Emotion Regulation in Depression and Anxiety: Examining Diagnostic Specificity and Stability of Strategy Use
- 2k Downloads
Many psychological disorders are characterized by difficulties in emotion regulation. It is unclear, however, whether different disorders are associated with the use of specific emotion regulation strategies, and whether these difficulties are stable characteristics that are evident even after recovery. It is also unclear whether the use of specific strategies is problematic across all disorders or whether disorders differ in how strongly strategy use is associated with symptom severity. This study investigated (1) the specificity of use of emotion regulation strategies in individuals diagnosed with current major depressive disorder (MDD), with social anxiety disorder (SAD), and in never-disordered controls (CTL); and (2) the stability of strategy use in formerly depressed participants (i.e., remitted; RMD). Path analysis was conducted to examine the relation between strategy use and symptom severity across diagnostic groups. Compared to the CTL group, participants in both clinical groups endorsed more frequent use of rumination and expressive suppression, and less frequent use of reappraisal. Specific to SAD were even higher levels of expressive suppression relative to MDD, as well as a stronger relation between rumination and anxiety levels. In contrast, specific to MDD were even higher levels of rumination and lower levels of reappraisal. Interestingly, elevated rumination, but not decreased reappraisal, was found to be a stable feature characterizing remitted depressed individuals. These results may provide insight into ways in which emotion regulation strategy use maintains psychological disorders.
KeywordsDepression Social anxiety Emotion regulation Rumination Suppression Reappraisal
This research was supported by NIMH Grants MH059259 and MH080683 awarded to Ian H. Gotlib.
Conflict of interest
The authors have no potential conflicts of interest pertaining to this manuscript.
- Abela, J. R. Z., Hankin, B. L., Sheshko, D. M., Fishman, M. B., & Stolow, D. (2012). Multi-wave prospective examination of the stress-reactivity extension of response styles theory of depression in high-risk children and early adolescents. Journal of Abnormal Child Psychology, 40(2), 277–287.PubMedCrossRefGoogle Scholar
- American Psychiatric Association. (2000). Diagnostic and statistical manual of mental disorders (4th ed., text rev.). Washington, DC: Author.Google Scholar
- Beck, A. T., Steer, R. A., & Brown, G. (1996). Manual for the beck depression inventory-II. San Antonio, TX: Psychological Corporation.Google Scholar
- Campbell-Sills, L., & Barlow, D. H. (2007). Incorporating emotion regulation into conceptualizations and treatments of anxiety and mood disorders. In J. J. Gross (Ed.), Handbook of emotion regulation (pp. 542–559). New York: Guilford Press.Google Scholar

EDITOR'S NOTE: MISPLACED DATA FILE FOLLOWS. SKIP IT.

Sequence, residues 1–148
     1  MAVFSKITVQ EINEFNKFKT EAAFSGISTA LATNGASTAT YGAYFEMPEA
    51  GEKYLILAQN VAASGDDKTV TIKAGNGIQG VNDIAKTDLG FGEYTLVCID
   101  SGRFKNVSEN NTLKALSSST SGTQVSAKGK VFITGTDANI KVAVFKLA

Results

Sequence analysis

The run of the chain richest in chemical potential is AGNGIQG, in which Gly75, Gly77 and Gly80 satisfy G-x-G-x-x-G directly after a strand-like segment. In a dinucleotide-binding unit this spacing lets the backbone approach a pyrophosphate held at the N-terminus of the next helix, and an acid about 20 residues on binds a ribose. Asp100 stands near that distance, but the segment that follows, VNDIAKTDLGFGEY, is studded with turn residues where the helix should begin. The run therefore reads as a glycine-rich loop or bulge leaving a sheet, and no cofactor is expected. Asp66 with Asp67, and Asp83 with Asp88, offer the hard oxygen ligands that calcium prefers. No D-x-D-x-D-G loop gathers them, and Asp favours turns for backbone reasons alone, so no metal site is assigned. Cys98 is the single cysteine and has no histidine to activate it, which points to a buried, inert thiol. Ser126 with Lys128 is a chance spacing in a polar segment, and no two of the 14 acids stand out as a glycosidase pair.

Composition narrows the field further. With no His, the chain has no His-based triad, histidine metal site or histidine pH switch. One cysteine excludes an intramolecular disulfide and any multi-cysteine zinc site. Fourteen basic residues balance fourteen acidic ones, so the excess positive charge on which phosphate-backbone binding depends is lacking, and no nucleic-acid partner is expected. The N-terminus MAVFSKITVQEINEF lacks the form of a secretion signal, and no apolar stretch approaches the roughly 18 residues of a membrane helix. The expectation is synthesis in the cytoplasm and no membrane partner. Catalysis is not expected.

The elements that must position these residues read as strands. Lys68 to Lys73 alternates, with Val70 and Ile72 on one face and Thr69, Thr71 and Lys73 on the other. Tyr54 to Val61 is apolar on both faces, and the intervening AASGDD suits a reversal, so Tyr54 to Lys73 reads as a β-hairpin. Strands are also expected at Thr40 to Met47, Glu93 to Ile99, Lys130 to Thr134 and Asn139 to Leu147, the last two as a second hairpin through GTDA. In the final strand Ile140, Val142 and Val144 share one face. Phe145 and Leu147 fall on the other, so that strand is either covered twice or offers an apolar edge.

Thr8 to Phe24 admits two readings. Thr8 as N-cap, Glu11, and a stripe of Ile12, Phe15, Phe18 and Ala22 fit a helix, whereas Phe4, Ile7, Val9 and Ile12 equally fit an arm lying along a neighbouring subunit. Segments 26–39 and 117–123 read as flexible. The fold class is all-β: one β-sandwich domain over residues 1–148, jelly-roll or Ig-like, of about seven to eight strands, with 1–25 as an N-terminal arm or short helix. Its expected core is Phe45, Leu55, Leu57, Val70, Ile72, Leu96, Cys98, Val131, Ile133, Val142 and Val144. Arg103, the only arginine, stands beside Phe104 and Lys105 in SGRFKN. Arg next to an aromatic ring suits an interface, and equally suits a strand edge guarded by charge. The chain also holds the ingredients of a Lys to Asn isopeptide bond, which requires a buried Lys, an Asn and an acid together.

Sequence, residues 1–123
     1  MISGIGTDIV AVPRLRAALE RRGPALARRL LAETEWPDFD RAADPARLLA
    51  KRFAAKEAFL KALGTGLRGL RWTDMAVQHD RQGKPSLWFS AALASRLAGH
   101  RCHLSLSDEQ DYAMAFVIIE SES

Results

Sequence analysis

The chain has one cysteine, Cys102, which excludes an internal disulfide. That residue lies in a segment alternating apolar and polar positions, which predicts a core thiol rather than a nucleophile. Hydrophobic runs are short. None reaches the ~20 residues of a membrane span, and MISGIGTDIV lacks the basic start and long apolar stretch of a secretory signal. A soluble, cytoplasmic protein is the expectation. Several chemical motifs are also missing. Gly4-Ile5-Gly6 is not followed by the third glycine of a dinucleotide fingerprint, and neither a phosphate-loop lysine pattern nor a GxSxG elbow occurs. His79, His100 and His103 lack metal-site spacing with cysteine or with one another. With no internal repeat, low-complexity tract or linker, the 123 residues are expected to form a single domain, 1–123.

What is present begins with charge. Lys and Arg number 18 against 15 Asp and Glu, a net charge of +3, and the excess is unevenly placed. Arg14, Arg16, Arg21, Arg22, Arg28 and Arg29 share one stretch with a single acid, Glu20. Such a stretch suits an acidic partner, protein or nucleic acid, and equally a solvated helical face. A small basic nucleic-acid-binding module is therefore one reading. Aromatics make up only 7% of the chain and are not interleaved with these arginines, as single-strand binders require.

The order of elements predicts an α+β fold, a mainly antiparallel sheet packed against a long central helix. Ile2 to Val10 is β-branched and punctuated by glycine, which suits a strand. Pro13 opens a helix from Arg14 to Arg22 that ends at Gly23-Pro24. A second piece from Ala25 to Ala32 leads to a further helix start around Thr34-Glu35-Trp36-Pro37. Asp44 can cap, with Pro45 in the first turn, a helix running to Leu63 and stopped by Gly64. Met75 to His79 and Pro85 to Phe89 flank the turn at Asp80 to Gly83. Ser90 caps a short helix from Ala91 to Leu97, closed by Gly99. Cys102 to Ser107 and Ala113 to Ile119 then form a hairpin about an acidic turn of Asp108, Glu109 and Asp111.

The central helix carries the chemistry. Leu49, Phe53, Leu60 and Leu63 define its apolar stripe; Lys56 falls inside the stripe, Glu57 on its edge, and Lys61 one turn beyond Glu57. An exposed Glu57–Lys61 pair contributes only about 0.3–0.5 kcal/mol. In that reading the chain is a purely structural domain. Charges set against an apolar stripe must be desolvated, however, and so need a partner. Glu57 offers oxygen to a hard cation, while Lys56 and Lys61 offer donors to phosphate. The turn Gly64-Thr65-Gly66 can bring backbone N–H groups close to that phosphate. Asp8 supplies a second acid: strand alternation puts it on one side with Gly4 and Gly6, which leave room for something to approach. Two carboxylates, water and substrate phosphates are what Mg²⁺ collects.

- Clark, D. M., & Wells, A. (1995). A cognitive model of social phobia. In R. M. Heimberg, M. Liebowitz, D. A. Hope, & F. R. Schneier (Eds.), Social phobia: Diagnosis, assessment and treatment (pp. 69–93). New York: Guilford Press.Google Scholar
- First, M. B., Spitzer, R. L., Gibbon, M., & Williams, J. B. W. (1997). Structured clinical interview for DSM-IV axis I disorders (SCID I). Washington, DC: American Psychiatric Association.Google Scholar
- Hankin, B. L. (2009). Development of sex differences in depressive and co-occurring anxious symptoms during adolescence: Descriptive trajectories and potential explanations in a multiwave prospective study. Journal of Clinical Child and Adolescent Psychology, 38(4), 460–472.PubMedCrossRefGoogle Scholar
- Hayes, S. C., Strosahl, K. D., & Wilson, K. G. (1999). Acceptance and commitment therapy: An experiential approach to behavior change. New York, NY: Guilford Press.Google Scholar
- Keller, M. B., Lavori, P. W., Mueller, T. I., Endicott, J., Coryell, R., & Hirschfeld, R. (1992). Time to recovery, chronicity, and levels of psychopathology in major depression: A 5-year prospective follow-up of 431 subjects. Archives of General Psychiatry, 49(10), 809–816.PubMedCrossRefGoogle Scholar
- Kline, R. B. (2005). Principles and practice of structural equation modeling. New York: Guilford.Google Scholar
- Liverant, G. I., Brown, T. A., Barlow, D. H., & Roemer, L. (2008). Emotion regulation in unipolar depression: The effects of acceptance and suppression of subjective emotional experience on the intensity and duration of sadness and negative affect. Behaviour Research and Therapy, 46(11), 1201–1209.PubMedCrossRefGoogle Scholar
- Muthén, L. K., & Muthén, B. O. (2006). Mplus user’s guide (4th ed.). Los Angeles: Muthén & Muthén.Google Scholar
- Spielberger, C. D., Gorsuch, R., Lushene, R., Vagg, P. R., & Jacobs, G. A. (1983). STAI manual for the state-trait anxiety inventory. Palo Alto, CA: Consulting Psychologists Press.Google Scholar